Shaping Serendipity for Learning: Conversations with John Seely Brown photo above: surfers in Maui "Conventional wisdom holds that different people learn in different ways. Something is missing from that idea, however, so we offer a corollary: Social computation and creativity Knowledge market is a distributed social mechanism that helps people to identify and satisfy their demand for knowledge. It can facilitate locating existing knowledge resources similarly to what search engines do (the name social search refers to this). It can also stimulate creation of new knowledge resources to satisfy the demand (something that search engines can’t do). The goal of this post is to compare several free knowledge markets created by 3form, Naver, Yahoo, Mail.ru, and Google to identify their common elements and differences.
Maker Education Initiative At Maker Ed, we believe that every child is a maker. We aim to celebrate the inclusivity of making, and this month in particular, we are highlighting our work with female makers, supported by a boost from Google for Entrepreneurs’ #40Forward campaign. Encouraging more women and girls to participate in the maker movement is part of the ongoing commitment that Maker Ed has made to increase equity in the field.
Meme Hacking At PivotCon 2010, Douglas Rushkoff made some extremely cogent arguments about why brands cannot go viral on social networks — even when there’s plenty of activity on companies’ websites and Facebook pages — and why it’s pointless to try to push brand concepts (such as mascots) around as memes in the expectation of driving actual product sales. This talk is exceptionally amusing both for its venue — he’s at a branding conference talking about social media — and for the fact that he opens the talk by saying, essentially, “you think you’re talking about what’s happening, but you’re not.” He managed to rankle more than a few career marketeers who oversimplified his message to mean “marketing is evil”; the mild antagonism to this particular audience inherent in his message did not go unnoticed by PivotCon organizer Chris Shipley who made no bones about the reason they decided to schedule his talk dead last.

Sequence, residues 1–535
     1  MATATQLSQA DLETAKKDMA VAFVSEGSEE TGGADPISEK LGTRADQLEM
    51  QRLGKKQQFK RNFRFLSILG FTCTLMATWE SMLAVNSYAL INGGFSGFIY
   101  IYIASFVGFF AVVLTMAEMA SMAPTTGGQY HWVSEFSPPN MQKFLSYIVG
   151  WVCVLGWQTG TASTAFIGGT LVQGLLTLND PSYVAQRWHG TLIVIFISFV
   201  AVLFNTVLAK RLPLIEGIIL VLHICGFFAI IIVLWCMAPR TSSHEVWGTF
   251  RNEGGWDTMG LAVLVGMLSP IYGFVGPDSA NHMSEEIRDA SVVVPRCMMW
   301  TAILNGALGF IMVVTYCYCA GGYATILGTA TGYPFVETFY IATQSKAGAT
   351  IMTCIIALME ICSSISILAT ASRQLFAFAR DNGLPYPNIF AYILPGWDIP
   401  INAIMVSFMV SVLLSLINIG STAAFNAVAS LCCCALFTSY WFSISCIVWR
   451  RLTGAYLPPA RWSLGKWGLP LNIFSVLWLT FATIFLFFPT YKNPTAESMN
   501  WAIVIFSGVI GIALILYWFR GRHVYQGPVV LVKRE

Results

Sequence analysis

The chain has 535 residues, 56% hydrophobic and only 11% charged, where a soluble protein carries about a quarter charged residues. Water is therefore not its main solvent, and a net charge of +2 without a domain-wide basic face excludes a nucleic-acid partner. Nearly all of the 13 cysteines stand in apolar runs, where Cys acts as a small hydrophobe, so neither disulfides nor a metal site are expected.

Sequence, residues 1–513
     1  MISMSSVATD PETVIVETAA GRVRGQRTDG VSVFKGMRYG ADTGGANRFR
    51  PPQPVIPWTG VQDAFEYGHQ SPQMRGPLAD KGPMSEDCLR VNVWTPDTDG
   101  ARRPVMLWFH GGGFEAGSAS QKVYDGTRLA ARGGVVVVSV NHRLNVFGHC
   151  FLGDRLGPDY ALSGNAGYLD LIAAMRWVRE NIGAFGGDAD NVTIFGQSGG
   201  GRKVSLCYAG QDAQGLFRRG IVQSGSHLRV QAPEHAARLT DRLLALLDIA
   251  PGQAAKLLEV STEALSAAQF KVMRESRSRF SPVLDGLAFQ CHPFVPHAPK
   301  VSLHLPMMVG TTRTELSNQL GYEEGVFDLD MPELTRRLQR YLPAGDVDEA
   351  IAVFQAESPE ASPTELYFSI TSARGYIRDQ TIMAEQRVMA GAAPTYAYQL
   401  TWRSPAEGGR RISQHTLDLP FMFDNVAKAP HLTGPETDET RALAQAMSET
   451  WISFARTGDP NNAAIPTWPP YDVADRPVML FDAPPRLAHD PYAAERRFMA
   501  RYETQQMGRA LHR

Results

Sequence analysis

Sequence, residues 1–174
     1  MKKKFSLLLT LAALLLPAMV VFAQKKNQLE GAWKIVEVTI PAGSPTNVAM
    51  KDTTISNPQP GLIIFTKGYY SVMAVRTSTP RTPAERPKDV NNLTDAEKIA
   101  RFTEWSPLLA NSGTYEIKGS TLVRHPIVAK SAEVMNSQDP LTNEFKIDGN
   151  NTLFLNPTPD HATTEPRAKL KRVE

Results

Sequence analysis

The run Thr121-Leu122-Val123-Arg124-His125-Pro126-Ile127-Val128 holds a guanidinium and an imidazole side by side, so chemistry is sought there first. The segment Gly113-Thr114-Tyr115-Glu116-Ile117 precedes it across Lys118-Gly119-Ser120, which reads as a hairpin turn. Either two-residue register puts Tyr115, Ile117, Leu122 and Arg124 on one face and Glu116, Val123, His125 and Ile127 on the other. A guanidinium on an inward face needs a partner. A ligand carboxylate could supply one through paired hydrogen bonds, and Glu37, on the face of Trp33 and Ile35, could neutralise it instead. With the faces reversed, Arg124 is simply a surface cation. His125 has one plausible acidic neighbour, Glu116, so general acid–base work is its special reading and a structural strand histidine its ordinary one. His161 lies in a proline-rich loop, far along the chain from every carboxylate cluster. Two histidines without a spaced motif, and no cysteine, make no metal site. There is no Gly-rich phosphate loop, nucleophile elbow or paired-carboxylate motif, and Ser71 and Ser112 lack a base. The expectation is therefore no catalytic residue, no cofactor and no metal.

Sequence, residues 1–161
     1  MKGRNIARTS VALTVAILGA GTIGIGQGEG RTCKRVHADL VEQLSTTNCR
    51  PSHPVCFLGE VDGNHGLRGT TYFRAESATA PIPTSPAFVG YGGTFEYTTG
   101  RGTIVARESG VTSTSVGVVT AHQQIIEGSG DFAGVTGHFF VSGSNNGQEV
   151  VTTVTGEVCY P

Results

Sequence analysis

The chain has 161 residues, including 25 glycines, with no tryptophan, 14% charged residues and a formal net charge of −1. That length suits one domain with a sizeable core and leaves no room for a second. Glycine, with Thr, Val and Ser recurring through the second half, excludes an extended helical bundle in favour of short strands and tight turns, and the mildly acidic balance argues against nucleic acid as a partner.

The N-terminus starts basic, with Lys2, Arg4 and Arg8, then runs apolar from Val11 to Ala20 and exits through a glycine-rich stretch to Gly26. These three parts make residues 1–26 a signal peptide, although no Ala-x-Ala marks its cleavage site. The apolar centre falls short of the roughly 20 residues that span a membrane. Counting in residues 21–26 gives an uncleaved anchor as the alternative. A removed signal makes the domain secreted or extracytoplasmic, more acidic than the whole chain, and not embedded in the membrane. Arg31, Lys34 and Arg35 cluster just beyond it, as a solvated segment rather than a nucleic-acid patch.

John Naughton: Thanks, Gutenberg - but we're too pressed for time to read The First Law of Technology says we invariably overestimate the short-term impact of new technologies while underestimating their longer-term effects. The invention of printing in the 15th century had an extraordinary short-term impact: though scholars argue about the precise number, within 40 years of the first Gutenberg bible between eight and 24 million books, representing 30,000 titles, had been printed and published. To those around at the time, it seemed like a pretty big deal. 'In our time', wrote German humanist Sebastian Brandt in 1500, '...books have emerged in lavish numbers. A book that once would've belonged only to the rich - nay, to a king - can now be seen under a modest roof... There is nothing nowadays that our children... fail to know.'